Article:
The posterior distribution (Equation 13) for is, thus, an MS-t with degrees of freedom, position and scale matrix . The variance-covariance matrix is then equal to .
An Example From the Quarterly Regional Accounts
We now present an example, which illustrates the above method. The resulting estimated variables are the quarterly regional chained volume series for Spanish regional Gross Domestic Product (GDP)5.
Temporal restrictions impose consistency among the regional estimations (quarterly regional chained volume series) and annual chained volume series provided by the annual regional accounts (ARA) from official Spanish regional statistics.
We also force the transversal consistency of these quarterly regional series with the Spanish national chained series provided by the QNA, a consistency which states that the QNA chained series is a weighted sum of the regional chained volume indices.
Many national statistics institutes have used annual chain-linking series for ANA and corresponding quarterly series for QNA. Specifically, the US Bureau of Economic Analysis (BEA) has used quarterly chain-linking volume series since 1996. In the European Union (EU), a European task force was set up in 2007, co-chaired by Eurostat and the European Central Bank. The growing popularity of chain-linking series for both QNA and ANA has led to the need for efficient tools in the reconciliation and benchmarking of quarterly chain-linking series. Cuevas et al. (2011, 2015), for example, proposed a two-step-method for use with the annual overlap derivation of chain-linked QNA, a very popular technique frequently used in the EU (see Eiglsperger, 2008 for a detailed listing of its dissemination).
Chen, Di Fonzo, Howells, and Marini (2018) developed approaches for reconciling annual (preliminary) estimates of US national accounts aggregates subject to quinquennial benchmarks available from detailed input-output tables. Furthermore, in an update of the 2001 version of the IMF QNA manual (Shrestha , a document prepared by M. Marini and Th. Alexander), the authors suggest that "the compilation of consistent quarterly estimates satisfying both low frequency benchmarks and accounting identities at the quarterly level has become more and more challenging for compilers" (Shrestha, 2013, p. 7). Although the UN’s System of National Accounts (SNA) recommends use of the Fisher-type index, the authors of the manual recognise that the Laspeyres volume indices are an acceptable alternative in national accounts.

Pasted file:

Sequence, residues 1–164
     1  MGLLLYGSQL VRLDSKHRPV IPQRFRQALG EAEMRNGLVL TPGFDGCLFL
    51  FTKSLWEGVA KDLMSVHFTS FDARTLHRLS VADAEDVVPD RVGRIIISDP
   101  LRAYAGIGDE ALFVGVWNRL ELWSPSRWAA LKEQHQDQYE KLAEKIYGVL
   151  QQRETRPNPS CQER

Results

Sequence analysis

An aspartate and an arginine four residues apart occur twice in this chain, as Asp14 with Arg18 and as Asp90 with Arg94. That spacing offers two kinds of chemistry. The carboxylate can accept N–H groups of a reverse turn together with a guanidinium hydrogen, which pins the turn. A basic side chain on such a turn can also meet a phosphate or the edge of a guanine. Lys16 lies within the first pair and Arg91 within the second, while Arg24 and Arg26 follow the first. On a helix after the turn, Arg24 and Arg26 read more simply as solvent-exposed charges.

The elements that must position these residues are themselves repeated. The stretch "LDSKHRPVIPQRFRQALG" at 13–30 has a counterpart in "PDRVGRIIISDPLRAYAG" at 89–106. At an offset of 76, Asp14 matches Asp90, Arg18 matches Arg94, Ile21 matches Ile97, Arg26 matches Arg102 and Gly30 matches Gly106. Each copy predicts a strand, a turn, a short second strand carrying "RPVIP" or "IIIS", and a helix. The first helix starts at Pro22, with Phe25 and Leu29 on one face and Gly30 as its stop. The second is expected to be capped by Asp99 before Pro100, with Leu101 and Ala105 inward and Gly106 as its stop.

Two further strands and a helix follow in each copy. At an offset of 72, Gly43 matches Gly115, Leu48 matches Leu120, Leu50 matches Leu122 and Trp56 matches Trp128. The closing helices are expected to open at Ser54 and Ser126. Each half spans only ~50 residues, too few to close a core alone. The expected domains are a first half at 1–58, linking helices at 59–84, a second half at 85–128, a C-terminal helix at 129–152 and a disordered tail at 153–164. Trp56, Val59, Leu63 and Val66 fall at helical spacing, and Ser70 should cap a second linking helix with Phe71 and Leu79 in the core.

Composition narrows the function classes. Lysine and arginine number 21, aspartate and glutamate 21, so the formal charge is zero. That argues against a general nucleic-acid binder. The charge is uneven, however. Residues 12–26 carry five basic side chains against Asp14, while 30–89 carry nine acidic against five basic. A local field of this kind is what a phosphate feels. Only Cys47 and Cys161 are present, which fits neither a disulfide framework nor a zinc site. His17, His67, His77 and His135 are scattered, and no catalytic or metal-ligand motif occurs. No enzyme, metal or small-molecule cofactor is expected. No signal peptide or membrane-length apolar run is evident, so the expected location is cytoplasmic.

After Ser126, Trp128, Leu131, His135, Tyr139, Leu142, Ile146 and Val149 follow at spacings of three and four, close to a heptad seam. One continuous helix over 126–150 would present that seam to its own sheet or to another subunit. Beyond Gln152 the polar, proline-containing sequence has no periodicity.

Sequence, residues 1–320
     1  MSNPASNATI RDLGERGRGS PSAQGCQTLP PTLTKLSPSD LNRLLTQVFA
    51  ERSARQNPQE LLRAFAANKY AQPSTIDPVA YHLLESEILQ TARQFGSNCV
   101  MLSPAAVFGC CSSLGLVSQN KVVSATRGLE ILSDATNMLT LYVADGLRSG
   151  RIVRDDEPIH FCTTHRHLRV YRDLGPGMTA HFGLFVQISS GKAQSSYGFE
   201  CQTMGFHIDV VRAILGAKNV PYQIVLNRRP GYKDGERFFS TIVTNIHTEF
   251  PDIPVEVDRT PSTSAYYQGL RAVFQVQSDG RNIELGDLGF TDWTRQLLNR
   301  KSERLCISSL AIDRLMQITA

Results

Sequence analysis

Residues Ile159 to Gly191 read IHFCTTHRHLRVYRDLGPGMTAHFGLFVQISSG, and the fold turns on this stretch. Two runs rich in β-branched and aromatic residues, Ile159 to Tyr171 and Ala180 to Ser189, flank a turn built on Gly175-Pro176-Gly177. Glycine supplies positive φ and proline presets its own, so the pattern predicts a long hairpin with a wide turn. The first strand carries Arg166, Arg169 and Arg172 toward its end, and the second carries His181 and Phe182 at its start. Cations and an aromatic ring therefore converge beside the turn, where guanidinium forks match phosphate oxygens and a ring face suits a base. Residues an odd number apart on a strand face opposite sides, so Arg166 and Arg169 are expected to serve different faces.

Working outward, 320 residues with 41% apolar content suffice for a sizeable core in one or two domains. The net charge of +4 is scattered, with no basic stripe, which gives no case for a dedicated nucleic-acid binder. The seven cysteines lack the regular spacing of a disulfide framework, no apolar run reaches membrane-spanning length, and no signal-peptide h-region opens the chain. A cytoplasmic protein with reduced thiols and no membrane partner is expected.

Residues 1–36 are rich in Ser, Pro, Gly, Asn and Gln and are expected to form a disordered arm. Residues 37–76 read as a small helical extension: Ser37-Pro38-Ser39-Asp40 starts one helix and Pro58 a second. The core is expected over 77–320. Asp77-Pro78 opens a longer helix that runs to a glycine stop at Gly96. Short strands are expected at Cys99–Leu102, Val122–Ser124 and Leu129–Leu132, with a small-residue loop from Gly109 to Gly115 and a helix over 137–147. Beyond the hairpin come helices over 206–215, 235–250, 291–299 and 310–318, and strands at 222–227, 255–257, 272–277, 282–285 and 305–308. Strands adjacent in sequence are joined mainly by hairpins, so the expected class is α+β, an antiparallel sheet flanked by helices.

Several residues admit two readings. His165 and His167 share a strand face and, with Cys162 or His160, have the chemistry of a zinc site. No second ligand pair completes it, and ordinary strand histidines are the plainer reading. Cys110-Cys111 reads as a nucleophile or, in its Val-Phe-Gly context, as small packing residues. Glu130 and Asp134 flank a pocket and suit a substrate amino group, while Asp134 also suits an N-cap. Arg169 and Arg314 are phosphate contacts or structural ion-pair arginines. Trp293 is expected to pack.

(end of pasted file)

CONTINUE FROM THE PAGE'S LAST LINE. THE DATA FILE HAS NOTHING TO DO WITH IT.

More specifically, the Spanish National Statistics Institute (INE) provides the annual GDP (chain-linked volumes, reference year 20106) for the 17 autonomous regions and for the two autonomous cities (hereinafter, 19 regions) for the nineteen-year period 2000-2018. The INE also estimates total quarterly GDP (from QNA), both at market prices (in euros) and by the volume-chained series (the annual overlap method is used here). In both cases, the raw series as well as the seasonally and working-day adjusted series (SA) are presented. At the time of writing this paper, the quarterly series was composed of 76 quarters7, from the first quarter of 2000 to the fourth quarter of 2018.
As mentioned before, the authors’ aim is to estimate the 19-quarterly regional chained series, all being consistent with the annual regional chained series and with the total quarterly one. We only estimate the SA regional series, with the estimation for raw series following a similar development. We apply the procedure obtained in the second section for the period from quarter 2000:1 to 2018:4.
Cuevas et al. (2011) solve this problem by using a multivariate two-step extension of the Denton (1971) method. They use a procedure proposed by Di Fonzo and Marini (2005). The former authors use total employment (regional social security contributors [SSC]) as high-frequency indicators, among others, due to its close linkage to real output. Although the widespread debate concerning the extent of cyclical synchrony between employment and output is well known, we do not lead or lag the SSC series in order to replicate their data selection. As already pointed out, Cuevas et al. (2011) use a two-stage procedure that is not simultaneous, unlike the one proposed in this work.
Taking into account that the estimated quarterly regional series will be seasonally adjusted, the SSC series have first been seasonally adjusted using the X12 method, as implemented in Eviews (Version 6) software. The procedure proposed by the authors was implemented in MATLAB (Version R2012b).
Before the method can be applied, an extra adjustment is needed. This is due to the lack of consistency among the whole set of annual regional chained-series and the total Spanish one, resulting from the existence of ‘extra-regio’ territories (extra-regional economic activities such as embassies, military or scientific bases or resource deposits in international waters, among others).